In spite of the ruling in Atkins v. Virginia (2002), concerns remain that individuals with mental illness and reduced capacity are eligible for the death penalty. When mental illness or reduced capacity is not enough to preclude death-eligibility, these factors are often discussed at the sentencing phase as mitigators. Mitigation remains an under-researched avenue in the sentencing literature, particularly when it comes to the influence of specific types of mitigation. The present study contributes to knowledge on mental health mitigation by examining five mitigators relevant to the mental health and capacity of defendants. Using data from 834 capital sentences in North Carolina, the influence of these proximate culpability mitigators on jury sentence recommendations is examined. Results indicate that acceptance of certain mental health mitigators reduces the probability of death, but acceptance of others is not significantly related to death recommendations. These findings and their implications are discussed.
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The primary exception being analyses associated with the Capital Jury Project.
The majority of states use and have used juries to make the sentencing recommendation. Some states allow for a jury or three judge panel to make this determination; however, Ring v. Arizona (2002) limited this practice, requiring that juries decide the presence of an aggravating factor (s), not a judge. A handful of states still rely on judges to determine the final sentence, though under fairly narrow circumstances (for details, see Bjerregaard, Smith, & Fogel, 2009).
There are seven common statutory mitigating factors: 1) the defendant has no significant criminal history, 2) the defendant was suffering from mental or emotional disturbance, 3) the victim was somehow a participant in the situation leading to the murder or gave consent, 4) the defendant was acting under duress, 5) imperfect insanity and/or intoxication, i.e. not enough to qualify as an excuse or successful defense, 6) the age of the defendant at the time of the crime, and 7) the defendant was a more minor participant in the crime. An additional statutory mitigator, defendant belief in moral justification or extenuation, has not been as widely adopted (Acker & Lanier, 1994). The above statutory mitigating factors are not an inclusive list, nor do all of these appear in every state, but they do provide the basis for statutory mitigation in the United States.
While not a mock juror study per se Barnett et al. (2004) and White (1987) derived their pool of mock jurors from a sample of college students. So, while the lack of death-eligibility may influence the findings, the demographics of the sample are similar to those of the two previous mock jury studies and thus is included in this discussion.
This critique is not meant to suggest that examining the influence of mitigators singularly was a methodological error. Obviously, this is a useful method for determining jurors and potential jurors responses to specific mitigating circumstances. However, in real capital trials jurors are likely to be presented with multiple mitigating (and aggravating) circumstances and thus it is important to consider the influence of mitigators in concert with additional factors.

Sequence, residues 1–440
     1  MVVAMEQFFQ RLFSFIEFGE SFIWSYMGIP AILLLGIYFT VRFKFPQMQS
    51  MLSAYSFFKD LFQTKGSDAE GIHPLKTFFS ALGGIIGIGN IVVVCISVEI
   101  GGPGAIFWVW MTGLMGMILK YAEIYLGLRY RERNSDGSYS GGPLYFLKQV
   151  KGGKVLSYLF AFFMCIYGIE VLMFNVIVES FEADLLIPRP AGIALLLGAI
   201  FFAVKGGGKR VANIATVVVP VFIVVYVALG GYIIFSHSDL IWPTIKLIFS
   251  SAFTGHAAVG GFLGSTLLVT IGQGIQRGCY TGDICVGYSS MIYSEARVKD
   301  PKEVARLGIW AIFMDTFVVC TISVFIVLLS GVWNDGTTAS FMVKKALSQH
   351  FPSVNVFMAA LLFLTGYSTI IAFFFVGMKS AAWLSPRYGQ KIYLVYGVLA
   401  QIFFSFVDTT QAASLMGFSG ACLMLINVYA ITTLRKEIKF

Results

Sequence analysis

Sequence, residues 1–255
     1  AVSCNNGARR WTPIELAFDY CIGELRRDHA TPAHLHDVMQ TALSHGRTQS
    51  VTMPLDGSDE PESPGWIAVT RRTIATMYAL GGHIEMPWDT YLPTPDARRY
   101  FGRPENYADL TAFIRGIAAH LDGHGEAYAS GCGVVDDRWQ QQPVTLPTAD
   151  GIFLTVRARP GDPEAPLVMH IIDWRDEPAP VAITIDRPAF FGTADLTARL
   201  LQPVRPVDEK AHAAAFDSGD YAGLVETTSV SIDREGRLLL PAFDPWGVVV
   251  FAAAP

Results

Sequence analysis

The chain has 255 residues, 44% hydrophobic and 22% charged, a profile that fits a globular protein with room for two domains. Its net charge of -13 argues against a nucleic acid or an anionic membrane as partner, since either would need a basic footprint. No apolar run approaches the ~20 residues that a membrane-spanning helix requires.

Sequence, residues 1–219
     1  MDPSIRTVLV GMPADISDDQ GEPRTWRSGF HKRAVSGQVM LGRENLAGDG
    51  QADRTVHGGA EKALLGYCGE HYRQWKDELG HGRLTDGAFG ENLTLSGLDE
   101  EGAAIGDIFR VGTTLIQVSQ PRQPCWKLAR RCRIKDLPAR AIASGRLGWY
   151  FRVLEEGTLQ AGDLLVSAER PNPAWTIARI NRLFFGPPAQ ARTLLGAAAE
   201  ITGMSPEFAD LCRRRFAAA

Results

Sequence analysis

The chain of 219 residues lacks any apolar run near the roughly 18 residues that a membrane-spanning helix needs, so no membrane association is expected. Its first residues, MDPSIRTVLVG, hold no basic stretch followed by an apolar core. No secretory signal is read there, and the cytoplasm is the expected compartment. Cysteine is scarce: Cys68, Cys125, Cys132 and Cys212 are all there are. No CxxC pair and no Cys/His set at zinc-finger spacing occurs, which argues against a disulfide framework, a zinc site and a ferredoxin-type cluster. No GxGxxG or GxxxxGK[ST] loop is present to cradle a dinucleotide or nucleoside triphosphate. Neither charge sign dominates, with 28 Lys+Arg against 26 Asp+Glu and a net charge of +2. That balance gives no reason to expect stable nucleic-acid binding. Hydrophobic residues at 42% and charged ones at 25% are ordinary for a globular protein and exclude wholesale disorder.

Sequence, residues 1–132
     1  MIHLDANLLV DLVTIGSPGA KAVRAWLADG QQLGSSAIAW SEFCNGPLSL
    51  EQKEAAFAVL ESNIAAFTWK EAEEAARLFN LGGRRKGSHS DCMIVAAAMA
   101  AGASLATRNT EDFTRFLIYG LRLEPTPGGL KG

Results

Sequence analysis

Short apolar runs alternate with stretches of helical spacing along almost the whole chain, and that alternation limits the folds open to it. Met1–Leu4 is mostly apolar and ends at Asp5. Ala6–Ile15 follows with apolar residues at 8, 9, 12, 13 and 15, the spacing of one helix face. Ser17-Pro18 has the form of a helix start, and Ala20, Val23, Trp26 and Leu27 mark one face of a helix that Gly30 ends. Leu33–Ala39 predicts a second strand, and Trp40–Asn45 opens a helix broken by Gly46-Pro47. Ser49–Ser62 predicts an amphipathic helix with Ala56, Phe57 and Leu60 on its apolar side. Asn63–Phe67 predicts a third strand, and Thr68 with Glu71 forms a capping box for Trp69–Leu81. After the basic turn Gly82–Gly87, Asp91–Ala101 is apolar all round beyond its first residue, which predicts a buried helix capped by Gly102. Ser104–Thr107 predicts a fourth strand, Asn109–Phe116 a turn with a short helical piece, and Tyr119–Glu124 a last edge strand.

For an investigation of the potential influence of mitigation pre- and post-McKoy see Kremling et al. (2007).
Fifty-one cases were removed from analysis because the jury did not find an aggravating factor, and therefore mitigators were not considered. Forty-eight cases were eliminated because the Issues and Recommendations as to Punishment forms (which identify acceptance and rejection of submitted aggravators and mitigators) could not be located in county files, or were not completed by the jury for various reasons. The remaining two cases were missing information on one of the mitigators of interest. The source of this missing information was that the mitigator was submitted but the jury did not indicate whether they accepted it on the Issues and Recommendations as to Punishment form. All 101 of these “missing” cases resulted in life sentences, resulting in a proportional overrepresentation of death sentences in the working sample.
In some states the age mitigator is considered chronological. In North Carolina, however, legal opinions have noted that age may be submitted in order to signify mental or emotional age, not just chronological age; e.g., "We have held that chronological age is not the determinative factor with regard to this [age] mitigating circumstance. State v. Oliver, 309 N.C. 326, 307 S.E.2d 304 (1983). The defendant's immaturity, youthfulness, or lack of emotional or intellectual development at the time of the crime must also be considered" (State v. Bowie, 1995).
Multicollinearity did not appear to be a concern in these analyses. Variance Inflation Factors (VIFs) were all under 2.5 in both models, the highest being 2.223.
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Gillespie, L.K., Smith, M.D., Bjerregaard, B. et al. Examining the Impact of Proximate Culpability Mitigation in Capital Punishment Sentencing Recommendations: The Influence of Mental Health Mitigators. Am J Crim Just 39, 698–715 (2014). https://doi.org/10.1007/s12103-014-9255-5
- Capital sentencing
- Death penalty
- Mental health